The Labor Smackdown Begins 

UC restores the labor education program that Schwarzenegger was scared of.

New UC President Mark Yudof has found money in the university system's budget to continue funding for the University of California's Miguel Contreras Labor Program. In September, Governor Schwarzenegger vetoed all funding for the well-known labor studies program, one of the country's premier departments. This center services the entire UC system, has research programs at Berkeley and UCLA, and employs approximately forty. Such programs exist in many states, usually as small research and teaching centers that function as red-headed stepchildren to the Taj Mahal business programs at most state and private universities.

The governor and Republican legislators have long targeted the Contreras labor program for elimination. While Schwarzenegger's budget contained an across-the-board cut for the university system, the program was the only academic program subject to his veto. When asked about the veto, a governor's spokesperson said, "There wasn't anything about those particular programs. ... This was just a matter of what can we veto versus what can't we veto." Even in today's climate of political disingenuousness, the statement was shocking.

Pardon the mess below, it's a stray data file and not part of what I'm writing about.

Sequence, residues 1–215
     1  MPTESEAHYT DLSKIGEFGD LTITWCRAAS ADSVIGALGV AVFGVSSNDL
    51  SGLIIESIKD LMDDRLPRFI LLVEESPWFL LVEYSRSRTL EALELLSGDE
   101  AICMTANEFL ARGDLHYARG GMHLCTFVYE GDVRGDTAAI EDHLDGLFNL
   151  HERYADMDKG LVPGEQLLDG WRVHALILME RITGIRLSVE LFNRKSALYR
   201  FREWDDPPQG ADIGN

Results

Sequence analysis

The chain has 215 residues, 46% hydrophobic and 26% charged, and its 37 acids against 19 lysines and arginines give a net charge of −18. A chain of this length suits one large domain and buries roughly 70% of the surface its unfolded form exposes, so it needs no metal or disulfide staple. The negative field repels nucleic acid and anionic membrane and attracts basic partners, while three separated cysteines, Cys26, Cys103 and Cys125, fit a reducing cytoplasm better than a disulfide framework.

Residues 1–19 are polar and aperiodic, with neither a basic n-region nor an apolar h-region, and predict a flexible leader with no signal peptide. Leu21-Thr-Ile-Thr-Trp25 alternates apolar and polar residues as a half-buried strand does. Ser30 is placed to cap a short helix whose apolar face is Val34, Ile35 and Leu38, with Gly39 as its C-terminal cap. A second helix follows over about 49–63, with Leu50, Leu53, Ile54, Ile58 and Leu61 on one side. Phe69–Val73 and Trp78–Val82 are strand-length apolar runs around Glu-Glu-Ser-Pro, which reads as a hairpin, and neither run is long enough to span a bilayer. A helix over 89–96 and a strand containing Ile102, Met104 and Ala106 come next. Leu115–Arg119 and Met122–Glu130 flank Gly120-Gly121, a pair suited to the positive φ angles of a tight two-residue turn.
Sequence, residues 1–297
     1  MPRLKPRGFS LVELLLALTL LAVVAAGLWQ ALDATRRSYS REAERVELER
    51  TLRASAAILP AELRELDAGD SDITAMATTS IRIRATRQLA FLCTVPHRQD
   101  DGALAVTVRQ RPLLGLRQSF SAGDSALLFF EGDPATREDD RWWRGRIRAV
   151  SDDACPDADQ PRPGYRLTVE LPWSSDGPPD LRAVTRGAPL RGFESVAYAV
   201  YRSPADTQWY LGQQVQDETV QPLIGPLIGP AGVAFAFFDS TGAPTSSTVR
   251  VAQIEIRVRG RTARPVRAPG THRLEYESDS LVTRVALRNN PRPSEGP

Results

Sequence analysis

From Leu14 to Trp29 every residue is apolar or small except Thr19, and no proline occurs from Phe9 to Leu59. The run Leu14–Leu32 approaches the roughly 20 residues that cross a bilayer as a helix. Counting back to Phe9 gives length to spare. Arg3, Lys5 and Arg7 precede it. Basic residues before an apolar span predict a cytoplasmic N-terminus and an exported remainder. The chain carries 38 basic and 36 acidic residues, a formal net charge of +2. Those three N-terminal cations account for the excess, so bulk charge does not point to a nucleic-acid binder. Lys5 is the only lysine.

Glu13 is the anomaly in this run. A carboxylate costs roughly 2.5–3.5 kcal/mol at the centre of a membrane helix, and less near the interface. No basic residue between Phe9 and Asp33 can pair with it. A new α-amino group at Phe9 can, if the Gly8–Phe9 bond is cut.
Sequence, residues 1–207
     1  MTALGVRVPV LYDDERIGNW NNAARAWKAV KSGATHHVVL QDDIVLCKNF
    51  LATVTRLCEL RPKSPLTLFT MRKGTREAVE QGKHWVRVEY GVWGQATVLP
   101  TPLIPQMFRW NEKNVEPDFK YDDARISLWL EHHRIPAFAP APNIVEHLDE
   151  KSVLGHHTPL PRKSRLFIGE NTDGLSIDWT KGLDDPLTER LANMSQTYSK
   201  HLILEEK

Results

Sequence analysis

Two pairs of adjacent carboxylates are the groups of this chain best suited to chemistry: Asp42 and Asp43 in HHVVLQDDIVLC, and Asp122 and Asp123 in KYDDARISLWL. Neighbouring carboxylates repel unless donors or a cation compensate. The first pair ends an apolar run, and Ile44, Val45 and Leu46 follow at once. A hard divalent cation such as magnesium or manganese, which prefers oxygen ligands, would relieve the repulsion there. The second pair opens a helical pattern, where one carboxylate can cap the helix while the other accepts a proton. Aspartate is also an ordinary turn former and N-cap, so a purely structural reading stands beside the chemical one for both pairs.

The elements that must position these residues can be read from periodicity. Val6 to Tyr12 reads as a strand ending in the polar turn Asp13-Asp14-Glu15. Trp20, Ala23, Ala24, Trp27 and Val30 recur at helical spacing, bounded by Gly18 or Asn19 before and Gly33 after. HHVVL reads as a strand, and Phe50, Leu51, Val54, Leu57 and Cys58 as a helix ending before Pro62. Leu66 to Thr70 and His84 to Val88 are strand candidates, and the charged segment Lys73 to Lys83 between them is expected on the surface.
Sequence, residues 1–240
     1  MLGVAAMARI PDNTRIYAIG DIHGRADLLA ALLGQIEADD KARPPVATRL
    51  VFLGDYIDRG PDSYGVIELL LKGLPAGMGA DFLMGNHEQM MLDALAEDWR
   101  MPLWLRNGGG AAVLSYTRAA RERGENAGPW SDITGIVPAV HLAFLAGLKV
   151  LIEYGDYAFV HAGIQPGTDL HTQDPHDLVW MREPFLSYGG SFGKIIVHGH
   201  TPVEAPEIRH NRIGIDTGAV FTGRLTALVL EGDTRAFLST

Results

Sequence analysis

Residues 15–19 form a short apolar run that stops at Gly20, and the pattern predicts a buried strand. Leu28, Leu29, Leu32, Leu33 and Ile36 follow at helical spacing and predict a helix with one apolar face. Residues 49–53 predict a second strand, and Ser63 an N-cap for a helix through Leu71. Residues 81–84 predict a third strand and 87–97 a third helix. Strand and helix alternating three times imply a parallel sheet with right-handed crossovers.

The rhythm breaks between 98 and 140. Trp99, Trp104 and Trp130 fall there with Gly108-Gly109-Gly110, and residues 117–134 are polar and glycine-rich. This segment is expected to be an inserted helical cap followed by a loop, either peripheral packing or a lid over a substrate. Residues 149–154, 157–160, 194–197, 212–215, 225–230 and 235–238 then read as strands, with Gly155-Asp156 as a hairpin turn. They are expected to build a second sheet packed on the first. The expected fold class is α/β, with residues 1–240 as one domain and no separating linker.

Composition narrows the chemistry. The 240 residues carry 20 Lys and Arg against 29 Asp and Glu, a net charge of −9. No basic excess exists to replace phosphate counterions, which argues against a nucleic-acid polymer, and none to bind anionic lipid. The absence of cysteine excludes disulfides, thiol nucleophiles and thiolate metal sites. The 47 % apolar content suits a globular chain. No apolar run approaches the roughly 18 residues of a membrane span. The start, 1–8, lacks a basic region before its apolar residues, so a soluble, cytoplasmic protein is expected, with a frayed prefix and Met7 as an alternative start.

In response to the veto, four hundred UC academics signed a letter of protest. Leaders of the program said the veto raised issues of academic freedom. Yudof agreed, and found funding through the end of the academic year. The dispute is sure to be revisited next year.

The battle lines are being drawn for the biggest labor versus business smackdown since the early days of the Clinton administration. Schwarzenegger was trying to eliminate one of the only institutions in which public funding supports the rights of labor. But even this flyspeck of money was too much for Arnold and his business buddies.